Asunto(s)
Bibliometría , Vacunas contra la COVID-19 , COVID-19/prevención & control , Pandemias/prevención & control , SARS-CoV-2 , Investigación Biomédica/tendencias , COVID-19/epidemiología , COVID-19/inmunología , Vacunas contra la COVID-19/efectos adversos , Vacunas contra la COVID-19/inmunología , Vacunas contra la COVID-19/farmacología , Bases de Datos Bibliográficas , Humanos , MEDLINE , SARS-CoV-2/inmunología , Seguridad
11.
CMAJ Open ; 9(1): E295-E301, 2021.
Artículo en Inglés | MEDLINE | ID: mdl-33785477

RESUMEN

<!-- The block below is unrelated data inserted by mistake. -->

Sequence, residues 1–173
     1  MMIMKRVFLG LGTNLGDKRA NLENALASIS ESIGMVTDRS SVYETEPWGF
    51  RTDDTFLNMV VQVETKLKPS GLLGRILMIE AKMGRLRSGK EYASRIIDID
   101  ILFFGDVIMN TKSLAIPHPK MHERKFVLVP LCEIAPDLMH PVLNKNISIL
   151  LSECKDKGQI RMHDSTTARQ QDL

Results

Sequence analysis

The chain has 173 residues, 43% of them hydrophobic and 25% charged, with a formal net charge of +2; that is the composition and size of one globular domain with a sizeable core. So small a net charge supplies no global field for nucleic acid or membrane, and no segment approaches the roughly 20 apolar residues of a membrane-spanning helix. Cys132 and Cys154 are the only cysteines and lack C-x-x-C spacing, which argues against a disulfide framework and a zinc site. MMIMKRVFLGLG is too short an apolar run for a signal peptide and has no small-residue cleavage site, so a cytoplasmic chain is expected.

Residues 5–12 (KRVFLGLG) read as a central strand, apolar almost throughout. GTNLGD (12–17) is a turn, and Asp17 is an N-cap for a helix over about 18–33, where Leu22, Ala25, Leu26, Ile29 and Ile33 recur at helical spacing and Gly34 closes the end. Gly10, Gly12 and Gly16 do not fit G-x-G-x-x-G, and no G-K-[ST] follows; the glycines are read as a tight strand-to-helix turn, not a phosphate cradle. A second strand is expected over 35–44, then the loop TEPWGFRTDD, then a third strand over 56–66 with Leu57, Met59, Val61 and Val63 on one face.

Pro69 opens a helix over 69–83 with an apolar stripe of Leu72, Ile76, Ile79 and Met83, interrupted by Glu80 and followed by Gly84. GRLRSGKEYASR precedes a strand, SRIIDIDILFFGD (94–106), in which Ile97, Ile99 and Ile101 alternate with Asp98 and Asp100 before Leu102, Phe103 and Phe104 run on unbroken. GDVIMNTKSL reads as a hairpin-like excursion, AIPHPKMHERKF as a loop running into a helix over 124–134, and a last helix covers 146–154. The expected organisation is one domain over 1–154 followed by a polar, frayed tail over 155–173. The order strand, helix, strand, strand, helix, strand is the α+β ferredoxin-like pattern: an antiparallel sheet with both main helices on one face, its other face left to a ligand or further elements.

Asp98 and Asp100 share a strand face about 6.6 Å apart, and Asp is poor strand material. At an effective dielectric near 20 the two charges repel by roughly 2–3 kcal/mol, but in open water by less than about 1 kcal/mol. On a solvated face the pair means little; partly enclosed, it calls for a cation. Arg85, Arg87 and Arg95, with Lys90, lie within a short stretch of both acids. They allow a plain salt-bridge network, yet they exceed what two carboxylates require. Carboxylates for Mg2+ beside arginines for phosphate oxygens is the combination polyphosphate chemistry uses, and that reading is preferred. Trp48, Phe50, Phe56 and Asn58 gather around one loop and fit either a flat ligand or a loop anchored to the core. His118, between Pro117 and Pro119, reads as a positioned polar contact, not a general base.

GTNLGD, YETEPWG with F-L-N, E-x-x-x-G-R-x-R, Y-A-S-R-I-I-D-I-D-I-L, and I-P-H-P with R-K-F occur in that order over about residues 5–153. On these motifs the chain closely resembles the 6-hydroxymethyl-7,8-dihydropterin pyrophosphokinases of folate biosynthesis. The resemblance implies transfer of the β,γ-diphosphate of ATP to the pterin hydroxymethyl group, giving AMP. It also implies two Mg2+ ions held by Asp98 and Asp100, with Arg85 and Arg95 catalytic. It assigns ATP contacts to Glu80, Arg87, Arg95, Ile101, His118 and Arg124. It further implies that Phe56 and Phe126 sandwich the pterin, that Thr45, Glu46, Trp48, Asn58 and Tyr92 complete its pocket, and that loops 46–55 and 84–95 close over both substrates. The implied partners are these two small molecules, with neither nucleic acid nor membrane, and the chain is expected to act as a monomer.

BACKGROUND: The quality of case reports, which are often the first reported evidence for a disease, may be negatively affected by a rush to publication early in a pandemic. We aimed to determine the completeness of reporting (COR) for case reports published on coronavirus disease 2019 (COVID-19). METHODS: We conducted a systematic search of the PubMed database for all single-patient case reports of confirmed COVID-19 published from Jan. 1 to Apr. 24, 2020. All included case reports were assessed for adherence to the CARE (Case Report) 31-item checklist, which was used to create a composite COR score. The primary outcome was the mean COR score assessed by 2 independent raters. Secondary outcomes included whether there was a change in overall COR score with certain publication factors (e.g., publication date) and whether there was a linear relation between COR and citation count and between COR scores and social media attention. RESULTS: Our search identified 196 studies that were published in 114 unique journals. We found that the overall mean COR score was 54.4%. No one case report included all of the 31 CARE checklist items. There was no significant correlation between COR with either citation count or social media attention. INTERPRETATION: We found that the overall COR for case reports on COVID-19 was poor. We suggest that journals adopt common case-reporting standards to improve reporting quality.